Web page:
Legacy of Great Villains in Literature
Legacy - HNRS 1120
Instructor(s): Jonatha Kottler
We often look at the heroes of a period to define what is important to that age; what they hope to accomplish and the means by which they accomplish it. Heroes, however, are reactive creatures; a great hero only rises in the face of great villainy. So, what really sets something into motion is the villain--the creature who sees the world as it is and wants to bend it to his own selfish design. Who are these catalysts? What do they want? And to what lengths will they go to achieve it? Finally, if one man’s villain is another man’s hero, what makes a villain bad? What can Thanos, Loki, The Joker, Kylo Ren, Hela, Cersei Lannister, Vizzini and others tell us about their worlds and how the literary construct of villainy relates to modern reality?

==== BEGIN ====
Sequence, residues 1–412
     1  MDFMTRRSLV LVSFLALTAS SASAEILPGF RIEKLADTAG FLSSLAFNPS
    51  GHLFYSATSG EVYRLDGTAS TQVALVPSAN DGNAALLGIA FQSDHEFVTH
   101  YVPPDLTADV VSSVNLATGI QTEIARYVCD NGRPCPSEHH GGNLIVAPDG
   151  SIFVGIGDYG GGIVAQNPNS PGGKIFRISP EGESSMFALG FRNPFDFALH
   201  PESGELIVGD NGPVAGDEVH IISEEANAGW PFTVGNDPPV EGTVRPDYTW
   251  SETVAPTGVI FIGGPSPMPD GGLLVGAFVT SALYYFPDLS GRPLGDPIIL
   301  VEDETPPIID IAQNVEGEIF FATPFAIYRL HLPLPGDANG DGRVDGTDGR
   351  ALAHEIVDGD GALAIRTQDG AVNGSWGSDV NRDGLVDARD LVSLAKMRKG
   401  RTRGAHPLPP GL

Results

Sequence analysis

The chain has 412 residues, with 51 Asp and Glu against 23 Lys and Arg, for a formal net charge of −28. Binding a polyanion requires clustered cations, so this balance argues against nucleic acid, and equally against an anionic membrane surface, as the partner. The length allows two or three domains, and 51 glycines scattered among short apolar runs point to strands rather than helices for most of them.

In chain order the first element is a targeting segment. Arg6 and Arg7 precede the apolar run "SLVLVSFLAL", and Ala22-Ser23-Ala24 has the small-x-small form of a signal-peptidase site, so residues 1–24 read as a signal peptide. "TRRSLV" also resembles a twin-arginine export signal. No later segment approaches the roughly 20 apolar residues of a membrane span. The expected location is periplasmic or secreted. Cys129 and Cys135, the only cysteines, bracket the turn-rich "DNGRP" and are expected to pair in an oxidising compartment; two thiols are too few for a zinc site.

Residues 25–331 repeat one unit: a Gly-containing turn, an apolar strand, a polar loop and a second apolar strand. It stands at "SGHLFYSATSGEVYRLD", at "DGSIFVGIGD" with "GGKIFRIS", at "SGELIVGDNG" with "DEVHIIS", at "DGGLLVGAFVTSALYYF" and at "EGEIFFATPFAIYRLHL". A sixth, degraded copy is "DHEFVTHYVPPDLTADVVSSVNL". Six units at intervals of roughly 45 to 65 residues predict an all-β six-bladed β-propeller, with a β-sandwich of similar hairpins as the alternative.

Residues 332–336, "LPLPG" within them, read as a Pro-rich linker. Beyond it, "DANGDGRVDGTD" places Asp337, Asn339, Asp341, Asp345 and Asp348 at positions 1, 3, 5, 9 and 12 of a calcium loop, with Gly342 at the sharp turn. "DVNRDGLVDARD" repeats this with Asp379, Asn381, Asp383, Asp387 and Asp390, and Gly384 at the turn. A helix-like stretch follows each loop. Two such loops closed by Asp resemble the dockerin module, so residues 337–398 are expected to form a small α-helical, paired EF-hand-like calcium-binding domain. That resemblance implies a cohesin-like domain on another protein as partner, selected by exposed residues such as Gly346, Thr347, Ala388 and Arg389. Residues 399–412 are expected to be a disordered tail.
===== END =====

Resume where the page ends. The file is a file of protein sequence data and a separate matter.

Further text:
Diane Arnson Svarlien (trans.) Medea (this translation only)
Seamus Heaney, (trans.) Beowulf (this translation only)
Shakespeare, Othello (any edition with line numbers)
Robert Louis Stevenson, The Strange Case of Dr. Jekyll and Mr. Hyde (any edition) Margaret Atwood, The Robber Bride
Jim Starlin, The Infinity Gauntlet
Essays 2/15 pts. each Creative Project
About the Instructor(s): Jonatha Kottler
Jona (rhymes with "Donna") is a graduate of UNM Honors and began teaching here in 2003. She has a BA in English, an MA in Liberal Arts from St. John's College, and is a candidate in the MFA program at the Institute of American Indian Arts. She lived abroad in Amsterdam, NL and Edinburgh, Scotland where she published fiction and non-fiction works in NY Magazine, The Guardian, and on Audible. She is a huge nerd who has written seven short films and co-created the comic book series The Wonderverse. She knows a whole lot about Batman, and the MCU.